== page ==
Sterling College Student and Professors Speak at State Math Conference
Each year Kansas colleges send their math majors to the Kansas Association of Teachers of Mathematics annual conference-to watch, listen, and learn. They generally aren't leading sessions. Sterling College senior Kelli LaRosh, however, joined two of her professors, Dr. Beth Kilday and Professor Terri Gaeddert, and presented at the KATM's most recent conference, held on October 23 at Hays High School
LaRosh, of Osborne, Kan., and Gaeddert team-led a session titled "What's Math Got to do with Farming?" which integrated literature, technology, and hands-on activities with mathematics. The literature used in the workshop was the trade book "What's Math Got to do with Farming?" which was written by LaRosh as a Sterling College class assignment two years ago. It was published this past winter and has sold over 600 copies. The workshop used the book as a springboard for various hands-on and manipulative activities that can be used in elementary and middle-school math classes. "Participants in the workshop were engaged," said Professor Gaeddert. "Three of them bought Kelli's book to use in their classrooms-along with some worksheets we provided. Kelli also created a short video of her family's wheat harvest that we provided to those who bought the book. I was very pleased to have Kelli represent Sterling College."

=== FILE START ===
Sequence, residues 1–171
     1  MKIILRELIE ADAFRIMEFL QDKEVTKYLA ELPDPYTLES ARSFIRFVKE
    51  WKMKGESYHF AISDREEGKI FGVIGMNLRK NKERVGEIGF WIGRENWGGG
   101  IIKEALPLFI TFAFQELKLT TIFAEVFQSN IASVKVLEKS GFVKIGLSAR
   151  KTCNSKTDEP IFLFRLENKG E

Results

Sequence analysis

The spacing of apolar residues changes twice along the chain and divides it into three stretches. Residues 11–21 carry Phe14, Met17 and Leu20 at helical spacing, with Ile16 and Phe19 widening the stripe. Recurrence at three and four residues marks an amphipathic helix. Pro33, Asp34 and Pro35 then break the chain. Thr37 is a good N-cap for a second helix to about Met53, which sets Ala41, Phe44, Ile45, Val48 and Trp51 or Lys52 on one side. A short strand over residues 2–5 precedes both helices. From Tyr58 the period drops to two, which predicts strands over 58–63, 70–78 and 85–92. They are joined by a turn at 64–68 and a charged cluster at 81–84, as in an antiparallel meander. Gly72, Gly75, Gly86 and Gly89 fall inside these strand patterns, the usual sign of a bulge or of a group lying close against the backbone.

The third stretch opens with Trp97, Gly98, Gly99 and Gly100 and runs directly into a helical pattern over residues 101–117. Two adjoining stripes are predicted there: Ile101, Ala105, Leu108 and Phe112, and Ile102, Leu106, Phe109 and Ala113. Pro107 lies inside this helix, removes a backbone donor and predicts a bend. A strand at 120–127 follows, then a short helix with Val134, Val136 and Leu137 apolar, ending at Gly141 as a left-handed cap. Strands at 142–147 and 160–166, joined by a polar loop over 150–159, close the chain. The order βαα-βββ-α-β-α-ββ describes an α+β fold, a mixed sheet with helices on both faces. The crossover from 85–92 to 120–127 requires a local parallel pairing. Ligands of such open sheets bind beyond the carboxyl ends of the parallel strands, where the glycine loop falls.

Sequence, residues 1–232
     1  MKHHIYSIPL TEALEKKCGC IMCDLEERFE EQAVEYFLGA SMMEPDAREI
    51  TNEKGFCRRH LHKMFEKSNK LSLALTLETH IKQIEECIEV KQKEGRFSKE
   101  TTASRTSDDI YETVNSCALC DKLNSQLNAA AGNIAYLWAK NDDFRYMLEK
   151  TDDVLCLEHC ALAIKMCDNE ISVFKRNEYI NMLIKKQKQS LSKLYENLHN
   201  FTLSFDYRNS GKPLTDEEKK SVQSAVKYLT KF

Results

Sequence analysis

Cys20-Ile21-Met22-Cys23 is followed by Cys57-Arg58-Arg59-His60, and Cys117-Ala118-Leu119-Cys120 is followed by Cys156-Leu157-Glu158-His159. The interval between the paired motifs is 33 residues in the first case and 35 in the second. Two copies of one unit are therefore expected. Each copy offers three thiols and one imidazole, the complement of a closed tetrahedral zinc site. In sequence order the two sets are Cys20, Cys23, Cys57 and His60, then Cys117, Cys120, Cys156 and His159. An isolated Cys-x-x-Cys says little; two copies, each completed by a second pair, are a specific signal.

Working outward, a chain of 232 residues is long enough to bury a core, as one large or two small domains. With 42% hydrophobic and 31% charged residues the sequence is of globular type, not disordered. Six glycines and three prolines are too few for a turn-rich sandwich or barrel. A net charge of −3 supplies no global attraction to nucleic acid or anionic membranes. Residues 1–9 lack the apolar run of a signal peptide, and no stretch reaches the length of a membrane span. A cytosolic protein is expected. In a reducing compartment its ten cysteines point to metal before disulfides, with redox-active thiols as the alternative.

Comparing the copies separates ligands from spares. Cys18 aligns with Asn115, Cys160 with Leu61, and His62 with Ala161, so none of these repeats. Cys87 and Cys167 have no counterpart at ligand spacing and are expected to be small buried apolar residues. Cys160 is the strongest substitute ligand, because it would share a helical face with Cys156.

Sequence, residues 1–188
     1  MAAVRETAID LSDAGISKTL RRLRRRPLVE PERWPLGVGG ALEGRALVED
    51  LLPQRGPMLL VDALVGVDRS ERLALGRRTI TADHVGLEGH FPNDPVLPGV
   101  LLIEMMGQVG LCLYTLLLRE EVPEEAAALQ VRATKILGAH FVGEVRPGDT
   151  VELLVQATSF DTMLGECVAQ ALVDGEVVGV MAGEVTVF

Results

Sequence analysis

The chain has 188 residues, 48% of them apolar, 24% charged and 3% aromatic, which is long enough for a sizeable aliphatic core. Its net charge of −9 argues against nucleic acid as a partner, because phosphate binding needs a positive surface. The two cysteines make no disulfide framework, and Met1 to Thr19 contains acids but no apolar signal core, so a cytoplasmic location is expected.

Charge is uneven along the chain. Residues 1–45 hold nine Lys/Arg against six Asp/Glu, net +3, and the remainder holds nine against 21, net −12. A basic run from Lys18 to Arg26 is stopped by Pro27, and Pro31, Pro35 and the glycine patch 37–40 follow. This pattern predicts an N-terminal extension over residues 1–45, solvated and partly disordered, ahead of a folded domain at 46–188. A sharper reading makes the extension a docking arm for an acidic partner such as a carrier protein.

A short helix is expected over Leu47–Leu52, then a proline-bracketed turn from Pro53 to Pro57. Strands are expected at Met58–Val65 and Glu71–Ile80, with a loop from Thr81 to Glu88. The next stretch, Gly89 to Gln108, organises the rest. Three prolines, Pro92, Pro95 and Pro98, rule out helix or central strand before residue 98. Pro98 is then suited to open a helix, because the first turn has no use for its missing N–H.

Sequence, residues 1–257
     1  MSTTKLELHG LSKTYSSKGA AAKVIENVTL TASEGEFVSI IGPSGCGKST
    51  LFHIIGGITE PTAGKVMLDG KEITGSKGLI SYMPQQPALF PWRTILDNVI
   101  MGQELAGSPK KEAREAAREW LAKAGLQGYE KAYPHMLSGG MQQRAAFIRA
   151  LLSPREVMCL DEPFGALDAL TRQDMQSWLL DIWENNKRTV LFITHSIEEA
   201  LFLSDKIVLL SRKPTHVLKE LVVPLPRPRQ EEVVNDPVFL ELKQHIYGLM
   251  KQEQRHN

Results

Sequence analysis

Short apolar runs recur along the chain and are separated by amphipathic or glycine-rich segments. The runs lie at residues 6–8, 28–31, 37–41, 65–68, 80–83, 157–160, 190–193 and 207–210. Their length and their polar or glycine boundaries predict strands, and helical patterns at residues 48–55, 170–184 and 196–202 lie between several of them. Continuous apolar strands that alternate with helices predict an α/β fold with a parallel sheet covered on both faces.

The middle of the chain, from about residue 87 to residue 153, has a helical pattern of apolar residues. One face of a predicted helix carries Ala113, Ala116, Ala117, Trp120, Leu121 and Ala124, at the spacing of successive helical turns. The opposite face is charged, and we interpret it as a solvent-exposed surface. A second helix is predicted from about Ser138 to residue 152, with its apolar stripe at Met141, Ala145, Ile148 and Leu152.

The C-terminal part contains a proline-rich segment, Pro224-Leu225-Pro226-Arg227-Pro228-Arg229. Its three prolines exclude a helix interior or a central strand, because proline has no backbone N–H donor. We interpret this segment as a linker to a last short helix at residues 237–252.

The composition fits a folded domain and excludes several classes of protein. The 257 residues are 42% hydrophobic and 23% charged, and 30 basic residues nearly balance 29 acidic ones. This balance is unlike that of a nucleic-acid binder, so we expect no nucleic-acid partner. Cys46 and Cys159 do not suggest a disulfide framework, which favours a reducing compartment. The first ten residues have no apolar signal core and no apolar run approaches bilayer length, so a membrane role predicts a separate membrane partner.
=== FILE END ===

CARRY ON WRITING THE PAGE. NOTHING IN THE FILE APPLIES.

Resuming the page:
Sterling College Mathematics Chair Dr. Beth Kilday also presented, leading a workshop aimed at high school and college math instructors titled "Elementary Function Modeling with TI-84+/CBL2/Vernier Science Probes." "It was a very specialized session for math teachers who specifically want to integrate more technology in their classes," said Dr. Kilday, "and those who came were able to actually try the experiments I presented. They were very interested in the possibilities."
Candice Williams, a junior from Russell, Kan., also represented Sterling College at the conference, as did Jessica Frederick, an '09 graduate and current middle school teacher. Approximately 350 math teachers and college students attended the conference.